By Suzanne Gamboa
EL PASO, Texas – Edgar Salazar, a dental surgeon based in Ciudad Juarez, across the Mexican border, was standing a few steps from a slow traffic on a bridge, worried about American customers coming not to go to his office while the Trump administration called a border "crisis".
Customers postpone their appointments or have stopped coming to avoid backups of traffic on the bridges connecting El Paso and Ciudad Juarez. Some fear being stranded on the Mexican side of the border, he said.
"It's stressful because you do not know what's going to happen, when they're going to give an order" to close the border, Salazar said.
Residents, businessmen and immigrant rights advocates feel the pressure exerted by President Donald Trump on closing the border, said Thursday that he was warning Mexico against "a year "to deter migrants from traveling to the United States. and control the flow of drugs.
Despite the president's imminent threats, including the imposition of customs duties on cars that Mexico exports to the United States, the administration has reduced manpower at the points of entry, the traffic lanes cross-border and inspection process in response to the arrival of hundreds of migrants each day to the border area between El Paso and southern New Mexico.
On the deck of the Americas in Cordoba, a window cleaner, who was wiping the windshield of a motorist waiting on the bridge heading for the United States, said the slowdown had hurt his business, while the traffic was blocked longer.
"People are crazy," he said before appealing to other drivers.
A salesman who sold elotes (roasted corn sprinkled with Mexican cheese and chili spices) said the slowdown was not generating more business. "They wait, but they do not eat," he says, not wanting to be named.
At a press conference in El Paso on March 27, Customs and Border Commissioner Kevin McAleenan said the agency was going to move 750 workers from the customs and border protection, inspecting cross-border traffic and exchanges instead of influxes of men, women and children. across the border.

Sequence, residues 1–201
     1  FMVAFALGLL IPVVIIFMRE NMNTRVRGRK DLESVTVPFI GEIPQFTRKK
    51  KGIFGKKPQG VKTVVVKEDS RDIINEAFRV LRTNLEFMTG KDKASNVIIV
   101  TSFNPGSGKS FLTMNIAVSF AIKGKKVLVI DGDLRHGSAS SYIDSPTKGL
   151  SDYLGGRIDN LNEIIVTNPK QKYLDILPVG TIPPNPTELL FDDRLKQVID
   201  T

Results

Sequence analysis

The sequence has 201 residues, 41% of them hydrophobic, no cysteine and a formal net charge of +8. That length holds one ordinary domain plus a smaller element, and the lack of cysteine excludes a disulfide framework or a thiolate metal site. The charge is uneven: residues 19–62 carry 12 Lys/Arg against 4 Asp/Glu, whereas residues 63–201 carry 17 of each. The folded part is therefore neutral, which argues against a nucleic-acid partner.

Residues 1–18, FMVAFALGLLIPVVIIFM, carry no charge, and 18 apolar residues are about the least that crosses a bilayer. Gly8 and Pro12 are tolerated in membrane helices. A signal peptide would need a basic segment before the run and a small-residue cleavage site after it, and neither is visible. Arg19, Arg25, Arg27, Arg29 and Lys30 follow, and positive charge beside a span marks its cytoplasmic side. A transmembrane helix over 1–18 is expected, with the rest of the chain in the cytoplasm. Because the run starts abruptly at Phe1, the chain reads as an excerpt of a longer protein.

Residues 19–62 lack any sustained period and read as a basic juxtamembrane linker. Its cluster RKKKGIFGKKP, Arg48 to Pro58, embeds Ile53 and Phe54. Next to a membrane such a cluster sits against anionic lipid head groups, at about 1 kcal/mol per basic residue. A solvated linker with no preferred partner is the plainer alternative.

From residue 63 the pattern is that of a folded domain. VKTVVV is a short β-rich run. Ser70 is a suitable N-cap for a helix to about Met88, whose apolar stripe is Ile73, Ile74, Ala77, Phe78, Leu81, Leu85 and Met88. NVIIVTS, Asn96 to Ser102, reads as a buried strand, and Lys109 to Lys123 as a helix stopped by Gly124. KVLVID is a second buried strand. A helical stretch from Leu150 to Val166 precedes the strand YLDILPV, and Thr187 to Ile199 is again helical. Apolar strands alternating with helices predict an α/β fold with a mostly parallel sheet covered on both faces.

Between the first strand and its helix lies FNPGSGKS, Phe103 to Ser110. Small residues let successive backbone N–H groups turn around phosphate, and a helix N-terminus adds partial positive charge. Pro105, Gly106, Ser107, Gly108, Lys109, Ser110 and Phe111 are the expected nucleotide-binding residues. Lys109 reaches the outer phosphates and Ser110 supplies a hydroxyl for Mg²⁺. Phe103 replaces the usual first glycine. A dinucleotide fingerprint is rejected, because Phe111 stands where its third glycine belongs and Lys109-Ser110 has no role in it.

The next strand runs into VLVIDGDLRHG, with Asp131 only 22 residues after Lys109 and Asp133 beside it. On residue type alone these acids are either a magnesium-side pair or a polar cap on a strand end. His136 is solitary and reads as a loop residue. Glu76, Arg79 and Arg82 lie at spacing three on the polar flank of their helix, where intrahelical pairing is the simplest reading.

He warned that this would slow down trade, traffic and pedestrian flows.
No border closure at the moment, but feel the effects
The president's actions have had a deterrent effect, said Jon Barela, CEO of The Borderplex Alliance, a non-profit organization representing businesses in El Paso, southern New Mexico and Ciudad Juarez.
"I have received several calls from corporate representatives who are concerned about our organization and how this shutdown threat affects their business in the short term and in the long run, how it could be devastating for their business," he said. declared.
Jeff Mosely, president and CEO of the Texas Association of Business, said his members were "very, very concerned" about the slowdowns and potential stops.
"There is no acceptable time to close the Texas border because every day equals $ 1.7 billion in trade, and even to play with the idea of closing the Border for a day has a big impact on jobs and wages, "said Moseley, who hears companies all along the border. "We must settle immigration. We must find a bipartisan solution. Trade is not the way to go.
Mexico is the largest trading partner of the United States, totaling $ 616 billion in 2017, generating more than 1.2 million jobs in 2015, according to the US Trade Representative's Office website.
Pedestrians returning to the United States moved quickly Wednesday night, across the bridge, while only one line was open at the port of entry and only one of the agents checked the passports. Some other agents inspected handbags and handbags and others were in secondary inspection.
Deseray Pedregon, 31, of El Paso, said she had gone to Juarez for an appointment at a hair salon.
"I was trying to get home fast because I was afraid it was closed," Pedregon said. Her sister was crossing more frequently and told her that she needed more than five hours to get back from Juarez, she said.